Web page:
Earlier this year I was invited to attend a private screening of Hidden Figures by IBM. I was impressed by more than the movie storyline. It was the important hidden message of hope for all human beings that in the future gender and racial inequality would become obsolete.
IBM is known worldwide for their understanding of societal responsibility. They have four broad areas of engagement including Education and workforce development; Citizen diplomacy and employee engagement; Community health and wellness; Environment and disasters. IBM also has a long-standing global commitment to fostering diversity, tolerance, and inclusion, which is core to the company’s culture and values.
The movie Hidden Figures recounts the true story of three female mathematicians — Katherine Johnson, Dorothy Vaughan and Mary Jackson — as the unsung heroes at the U.S. space agency, NASA, during the 1960s. Their groundbreaking calculations for spaceship trajectories, which helped put astronaut John Glenn in orbit, involved programming a complex, first-of-a-kind IBM mainframe computer. For more information on IBM’s involvement in the movie, go here: ibm.com/hiddenfigures.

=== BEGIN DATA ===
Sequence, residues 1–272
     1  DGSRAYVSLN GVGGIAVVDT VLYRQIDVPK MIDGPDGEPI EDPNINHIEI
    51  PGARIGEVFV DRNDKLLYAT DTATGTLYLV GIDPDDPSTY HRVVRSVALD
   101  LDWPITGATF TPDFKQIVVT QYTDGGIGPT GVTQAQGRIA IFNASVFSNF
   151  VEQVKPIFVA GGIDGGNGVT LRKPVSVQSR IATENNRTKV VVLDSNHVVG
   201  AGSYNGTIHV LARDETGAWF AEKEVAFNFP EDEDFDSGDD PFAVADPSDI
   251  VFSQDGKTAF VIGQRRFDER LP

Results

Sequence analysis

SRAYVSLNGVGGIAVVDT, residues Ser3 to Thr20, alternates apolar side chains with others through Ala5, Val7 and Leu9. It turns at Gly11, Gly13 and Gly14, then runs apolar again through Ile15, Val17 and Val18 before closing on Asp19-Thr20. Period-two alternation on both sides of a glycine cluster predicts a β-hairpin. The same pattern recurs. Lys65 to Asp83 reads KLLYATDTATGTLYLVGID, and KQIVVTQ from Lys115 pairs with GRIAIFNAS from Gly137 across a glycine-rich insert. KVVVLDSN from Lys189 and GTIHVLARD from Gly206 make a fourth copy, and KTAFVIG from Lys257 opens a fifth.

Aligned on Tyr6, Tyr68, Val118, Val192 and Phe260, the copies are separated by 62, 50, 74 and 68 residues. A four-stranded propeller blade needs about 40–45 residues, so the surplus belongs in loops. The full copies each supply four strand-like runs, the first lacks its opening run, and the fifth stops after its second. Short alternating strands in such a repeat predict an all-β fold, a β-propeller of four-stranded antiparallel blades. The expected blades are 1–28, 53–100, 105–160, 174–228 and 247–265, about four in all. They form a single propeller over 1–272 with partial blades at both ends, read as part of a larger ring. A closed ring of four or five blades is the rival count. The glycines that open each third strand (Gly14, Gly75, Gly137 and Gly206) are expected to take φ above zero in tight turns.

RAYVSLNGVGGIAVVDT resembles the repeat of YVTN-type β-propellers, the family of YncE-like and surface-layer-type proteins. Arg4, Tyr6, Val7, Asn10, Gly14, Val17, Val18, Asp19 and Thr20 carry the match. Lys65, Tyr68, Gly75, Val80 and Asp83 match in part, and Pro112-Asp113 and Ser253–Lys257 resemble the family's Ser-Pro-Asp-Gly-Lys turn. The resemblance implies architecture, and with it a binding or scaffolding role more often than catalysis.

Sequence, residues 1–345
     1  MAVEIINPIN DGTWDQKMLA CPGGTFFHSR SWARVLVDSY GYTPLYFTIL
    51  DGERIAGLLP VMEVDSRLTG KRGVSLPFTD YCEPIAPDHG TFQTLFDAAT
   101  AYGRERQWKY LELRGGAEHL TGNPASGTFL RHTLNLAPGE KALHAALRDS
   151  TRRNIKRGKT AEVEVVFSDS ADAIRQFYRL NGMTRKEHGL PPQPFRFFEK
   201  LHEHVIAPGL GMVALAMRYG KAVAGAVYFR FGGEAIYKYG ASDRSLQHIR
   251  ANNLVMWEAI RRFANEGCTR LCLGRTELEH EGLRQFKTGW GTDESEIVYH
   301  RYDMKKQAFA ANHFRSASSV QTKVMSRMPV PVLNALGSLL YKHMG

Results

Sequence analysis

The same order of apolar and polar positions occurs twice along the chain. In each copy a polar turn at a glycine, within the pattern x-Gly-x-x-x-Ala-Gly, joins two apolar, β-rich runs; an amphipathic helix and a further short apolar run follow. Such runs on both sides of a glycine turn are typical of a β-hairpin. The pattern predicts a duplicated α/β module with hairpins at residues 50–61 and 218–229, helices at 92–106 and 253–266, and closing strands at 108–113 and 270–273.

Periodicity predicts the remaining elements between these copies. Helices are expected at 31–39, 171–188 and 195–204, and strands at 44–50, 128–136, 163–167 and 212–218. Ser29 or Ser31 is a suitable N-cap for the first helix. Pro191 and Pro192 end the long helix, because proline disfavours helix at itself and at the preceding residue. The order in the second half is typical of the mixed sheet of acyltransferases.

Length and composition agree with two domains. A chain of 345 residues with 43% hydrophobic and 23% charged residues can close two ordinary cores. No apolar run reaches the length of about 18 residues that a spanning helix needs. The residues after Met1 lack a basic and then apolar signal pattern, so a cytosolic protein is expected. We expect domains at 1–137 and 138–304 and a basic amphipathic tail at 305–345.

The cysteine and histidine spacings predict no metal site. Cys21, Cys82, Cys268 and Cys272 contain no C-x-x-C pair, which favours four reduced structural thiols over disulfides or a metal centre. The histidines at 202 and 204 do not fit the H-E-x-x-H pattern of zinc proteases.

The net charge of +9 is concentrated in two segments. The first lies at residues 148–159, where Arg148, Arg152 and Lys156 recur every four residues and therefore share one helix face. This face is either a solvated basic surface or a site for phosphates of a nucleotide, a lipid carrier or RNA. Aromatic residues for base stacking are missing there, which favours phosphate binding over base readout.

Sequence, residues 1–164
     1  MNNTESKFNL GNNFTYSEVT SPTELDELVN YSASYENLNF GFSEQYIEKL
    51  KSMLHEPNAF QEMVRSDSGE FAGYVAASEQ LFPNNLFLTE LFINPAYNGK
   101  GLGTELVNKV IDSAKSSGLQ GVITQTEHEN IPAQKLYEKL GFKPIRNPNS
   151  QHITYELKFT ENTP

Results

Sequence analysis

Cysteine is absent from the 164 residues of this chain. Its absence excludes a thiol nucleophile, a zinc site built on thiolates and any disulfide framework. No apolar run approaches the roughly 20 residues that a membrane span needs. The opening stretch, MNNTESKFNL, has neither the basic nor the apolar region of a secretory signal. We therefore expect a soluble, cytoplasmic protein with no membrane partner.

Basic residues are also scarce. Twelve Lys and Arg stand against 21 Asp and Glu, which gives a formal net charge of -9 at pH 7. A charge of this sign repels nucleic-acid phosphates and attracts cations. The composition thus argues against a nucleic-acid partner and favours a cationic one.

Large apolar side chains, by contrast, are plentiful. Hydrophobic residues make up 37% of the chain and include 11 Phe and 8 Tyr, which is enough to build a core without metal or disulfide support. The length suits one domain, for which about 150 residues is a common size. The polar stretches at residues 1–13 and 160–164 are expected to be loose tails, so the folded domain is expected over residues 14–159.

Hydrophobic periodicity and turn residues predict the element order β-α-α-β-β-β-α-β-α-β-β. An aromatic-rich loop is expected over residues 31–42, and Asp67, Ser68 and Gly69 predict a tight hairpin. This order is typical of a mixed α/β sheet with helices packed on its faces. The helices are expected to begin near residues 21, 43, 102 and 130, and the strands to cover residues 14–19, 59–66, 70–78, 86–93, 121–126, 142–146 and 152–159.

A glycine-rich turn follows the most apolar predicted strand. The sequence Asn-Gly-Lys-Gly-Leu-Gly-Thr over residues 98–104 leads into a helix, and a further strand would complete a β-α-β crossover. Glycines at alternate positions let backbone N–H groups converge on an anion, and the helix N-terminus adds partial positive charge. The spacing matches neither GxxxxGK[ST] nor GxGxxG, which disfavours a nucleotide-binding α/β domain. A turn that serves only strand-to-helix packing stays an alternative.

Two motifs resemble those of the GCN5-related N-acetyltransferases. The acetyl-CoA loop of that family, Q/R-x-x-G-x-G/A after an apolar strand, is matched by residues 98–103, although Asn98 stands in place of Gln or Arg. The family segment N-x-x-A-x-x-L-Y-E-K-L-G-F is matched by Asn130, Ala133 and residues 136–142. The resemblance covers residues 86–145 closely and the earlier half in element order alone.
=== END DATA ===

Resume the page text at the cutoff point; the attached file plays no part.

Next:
The achievements of these three women, which were largely unseen at the time, have inspired IBM to shine a spotlight on the need for more women in science, technology, engineering and mathematics (STEM) to act as role models for the next generation.
I also had the opportunity to speak to several IBMers about the good work they do for their communities. One of the most impressive parts of our conversation was the sheer number of volunteer hours that the professionals working at IBM give to back to their communities.
As an educator, I am consistently looking for opportunities for my students to become global citizens and for all of my students to progress to their chosen career barrier free. Tomorrow, March 8th is International Women’s Day. IBM has invited my students, staff and I to partake in IBM’s STEM 4 Girls program, on this very special day of women’s recognition. We will be benefiting from the knowledge, understanding and practical application of STEM by seasoned IBMers who will be volunteering their time and expertise. The hope is to inspire female students to pursue careers in science, technology, engineering, and mathematics. I cannot think of a better way to spend International Women’s Day than with like-minded professionals who are proponents of change by promoting
You can follow along and contribute to the with the conversation by using the hashtag #IBMSTEM4GIRLS and by following the @IBMCanada Twitter handle.